Key Words: Available Phosphorus, Metabolizable energy, Phytase, Broiler

 

  

Timing of feeding orchestrates circadian post-feeding intake rhythms in once-daily fed dairy cows

A. Nikkhah

55-60

Abstract

The objective was to establish effects of feed presentation time and dietary forage to concentrate ratio on circadian postprandial rhythms of feed intake in lactating cows. Four multiparous and four primiparous Holstein cows were fed in a 4 × 4 Latin square design (with a 2 × 2 factorial arrangement of treatments) a higher (HC, forage to concentrate ratio = 38.5:61.5) or a lower (LC, forage to concentrate ratio = 50.6:49.4) concentrate total mixed ration (TMR) at either 21:00 h or 09:00 h. A metabolic acquisition system was used to monitor continuous feed intake electronically. Feeding at 21:00 h vs. 09:00 h increased feed intake within 3 h post-feeding, from 26 to 37% of total daily intake; with daily dry matter intake remaining unchanged. Results establish that evening instead of morning feeding increased eating rate shortly post-feeding, and thus, is a key regulator of postprandial circadian intake rhythms in lactating dairy cows.

Key words: Intake rhythm, Feeding time, Chronophysiology, Dairy cow

 

Electrosurgical Excision of a large uniform Transmissible Venereal Tumor (TVT) in a spayed bitch: a case report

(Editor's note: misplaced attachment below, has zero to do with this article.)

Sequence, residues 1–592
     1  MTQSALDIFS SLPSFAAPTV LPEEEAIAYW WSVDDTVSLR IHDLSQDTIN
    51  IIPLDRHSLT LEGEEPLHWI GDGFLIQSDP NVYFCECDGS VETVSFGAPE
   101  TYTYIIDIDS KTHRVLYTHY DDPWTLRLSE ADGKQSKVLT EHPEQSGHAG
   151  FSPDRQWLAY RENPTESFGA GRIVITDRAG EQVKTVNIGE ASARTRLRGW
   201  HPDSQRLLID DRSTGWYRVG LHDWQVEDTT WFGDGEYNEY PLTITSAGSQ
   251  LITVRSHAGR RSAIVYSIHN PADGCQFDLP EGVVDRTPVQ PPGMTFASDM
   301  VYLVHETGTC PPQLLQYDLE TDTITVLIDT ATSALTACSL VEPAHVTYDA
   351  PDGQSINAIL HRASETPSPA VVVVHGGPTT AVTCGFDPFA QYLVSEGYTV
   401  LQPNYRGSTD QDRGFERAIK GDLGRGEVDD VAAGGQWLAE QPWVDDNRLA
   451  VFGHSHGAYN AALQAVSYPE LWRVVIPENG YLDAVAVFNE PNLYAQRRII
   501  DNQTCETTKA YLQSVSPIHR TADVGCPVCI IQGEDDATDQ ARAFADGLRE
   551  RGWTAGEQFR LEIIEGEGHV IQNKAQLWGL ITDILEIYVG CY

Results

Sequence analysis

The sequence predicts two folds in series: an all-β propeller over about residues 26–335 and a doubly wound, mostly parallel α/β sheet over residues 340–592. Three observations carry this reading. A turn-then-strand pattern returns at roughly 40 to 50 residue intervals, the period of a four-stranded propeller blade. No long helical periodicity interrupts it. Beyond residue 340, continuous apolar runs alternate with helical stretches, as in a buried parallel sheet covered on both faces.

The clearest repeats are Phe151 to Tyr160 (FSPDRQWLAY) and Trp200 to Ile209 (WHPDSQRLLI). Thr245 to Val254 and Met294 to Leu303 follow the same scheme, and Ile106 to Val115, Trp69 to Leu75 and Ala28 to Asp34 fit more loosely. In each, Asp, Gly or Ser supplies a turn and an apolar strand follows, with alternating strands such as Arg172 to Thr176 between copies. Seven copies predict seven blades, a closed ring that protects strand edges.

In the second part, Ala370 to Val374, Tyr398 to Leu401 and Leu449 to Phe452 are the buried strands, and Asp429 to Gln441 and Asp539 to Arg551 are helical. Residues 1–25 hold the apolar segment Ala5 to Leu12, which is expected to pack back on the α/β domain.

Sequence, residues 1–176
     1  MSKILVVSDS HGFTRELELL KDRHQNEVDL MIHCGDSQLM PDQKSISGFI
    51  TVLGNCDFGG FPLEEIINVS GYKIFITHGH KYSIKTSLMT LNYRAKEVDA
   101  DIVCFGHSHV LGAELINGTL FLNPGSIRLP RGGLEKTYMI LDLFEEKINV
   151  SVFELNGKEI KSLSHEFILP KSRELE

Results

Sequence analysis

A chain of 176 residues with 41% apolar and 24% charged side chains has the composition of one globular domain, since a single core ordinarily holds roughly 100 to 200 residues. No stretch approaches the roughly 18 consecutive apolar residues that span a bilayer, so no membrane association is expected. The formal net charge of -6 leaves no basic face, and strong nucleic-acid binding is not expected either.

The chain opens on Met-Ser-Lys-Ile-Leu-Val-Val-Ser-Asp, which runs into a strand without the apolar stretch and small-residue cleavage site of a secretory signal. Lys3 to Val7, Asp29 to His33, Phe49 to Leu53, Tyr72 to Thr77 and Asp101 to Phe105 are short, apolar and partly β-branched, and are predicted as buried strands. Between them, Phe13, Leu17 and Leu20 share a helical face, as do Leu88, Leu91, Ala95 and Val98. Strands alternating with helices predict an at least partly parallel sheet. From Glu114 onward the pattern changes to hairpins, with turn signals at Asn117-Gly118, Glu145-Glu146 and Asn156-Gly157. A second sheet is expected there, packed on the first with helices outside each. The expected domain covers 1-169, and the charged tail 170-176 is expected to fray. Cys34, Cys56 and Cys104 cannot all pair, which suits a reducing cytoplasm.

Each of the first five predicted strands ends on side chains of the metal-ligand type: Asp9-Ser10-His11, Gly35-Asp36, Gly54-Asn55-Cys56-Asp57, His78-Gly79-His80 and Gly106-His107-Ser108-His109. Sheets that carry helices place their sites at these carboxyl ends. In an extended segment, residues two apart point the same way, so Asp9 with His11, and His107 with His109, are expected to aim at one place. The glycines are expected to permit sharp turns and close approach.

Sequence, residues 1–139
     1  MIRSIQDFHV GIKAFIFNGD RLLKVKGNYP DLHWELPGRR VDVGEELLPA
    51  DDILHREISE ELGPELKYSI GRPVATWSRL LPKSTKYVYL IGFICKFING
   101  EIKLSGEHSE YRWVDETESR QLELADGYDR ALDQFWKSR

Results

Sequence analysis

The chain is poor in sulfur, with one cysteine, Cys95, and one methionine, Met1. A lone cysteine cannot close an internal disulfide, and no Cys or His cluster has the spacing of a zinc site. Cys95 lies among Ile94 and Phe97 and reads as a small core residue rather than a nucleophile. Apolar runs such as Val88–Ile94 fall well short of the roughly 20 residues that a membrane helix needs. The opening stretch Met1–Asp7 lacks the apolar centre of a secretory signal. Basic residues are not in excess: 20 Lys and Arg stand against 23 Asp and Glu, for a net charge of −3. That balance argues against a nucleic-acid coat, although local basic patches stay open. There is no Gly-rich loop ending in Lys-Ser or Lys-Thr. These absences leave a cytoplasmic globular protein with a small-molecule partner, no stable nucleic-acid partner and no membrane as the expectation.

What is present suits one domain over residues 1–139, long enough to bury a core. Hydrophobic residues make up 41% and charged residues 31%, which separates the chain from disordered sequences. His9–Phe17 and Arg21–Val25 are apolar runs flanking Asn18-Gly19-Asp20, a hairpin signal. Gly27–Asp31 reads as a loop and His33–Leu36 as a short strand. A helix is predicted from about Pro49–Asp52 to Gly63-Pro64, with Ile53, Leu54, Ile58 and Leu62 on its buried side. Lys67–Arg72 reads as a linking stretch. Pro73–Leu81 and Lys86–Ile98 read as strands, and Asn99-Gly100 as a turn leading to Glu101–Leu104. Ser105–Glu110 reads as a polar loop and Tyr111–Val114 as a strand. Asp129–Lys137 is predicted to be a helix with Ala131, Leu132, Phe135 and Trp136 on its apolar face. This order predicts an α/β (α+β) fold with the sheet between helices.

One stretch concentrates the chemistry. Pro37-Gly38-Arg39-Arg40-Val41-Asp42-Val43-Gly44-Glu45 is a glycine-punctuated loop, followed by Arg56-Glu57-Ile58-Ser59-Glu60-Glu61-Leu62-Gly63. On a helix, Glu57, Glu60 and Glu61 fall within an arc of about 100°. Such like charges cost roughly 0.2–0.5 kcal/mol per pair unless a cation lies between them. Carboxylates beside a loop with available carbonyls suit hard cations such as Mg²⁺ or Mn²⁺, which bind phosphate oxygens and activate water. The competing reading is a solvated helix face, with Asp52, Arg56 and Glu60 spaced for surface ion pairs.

H. Soleimani Savadkoohi, S.N. Dehghani*, F. Namazi, M. Ahrari Khafi, Y. Jalali

60-64

Abstract

   Canine transmissible venereal tumors (TVT) are cauliflower-like, pedunculated, and nodular, papillary, or multilobulated in appearance. The presenting bitch had a serosanguineous vulvar discharge and big mass in the perinea area. After initial preparation, sonography and radiological imaging was performed to find out any metastatic mass in abdomen or thorax region. Following general anesthesia the tumor was excised by electrosurgical technique. The resected tumor was sent for histopathological evaluation. A chemotherapy regimen was set up for the dog following the operation. A check up six months later didn’t show any recurrence of the mass in this case. This was a rare case of TVT in a spayed bitch.

Key words: Transmissible Venereal Tumor, electro surgery, bitch

 

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japscjournal

Journal of Animal and Poultry Sciences ( ISSN: 2147-9267 ) is a peer-reviewed, open access journal which aims to publish top quality papers related to all aspects of animal and poultry sciences including Nutrition, Disease, Physiology, Breeding and Genetics, Reproduction, Biotechnology, Livestock and Poultry Farming System, Laboratory Science, Ethology and Welfare.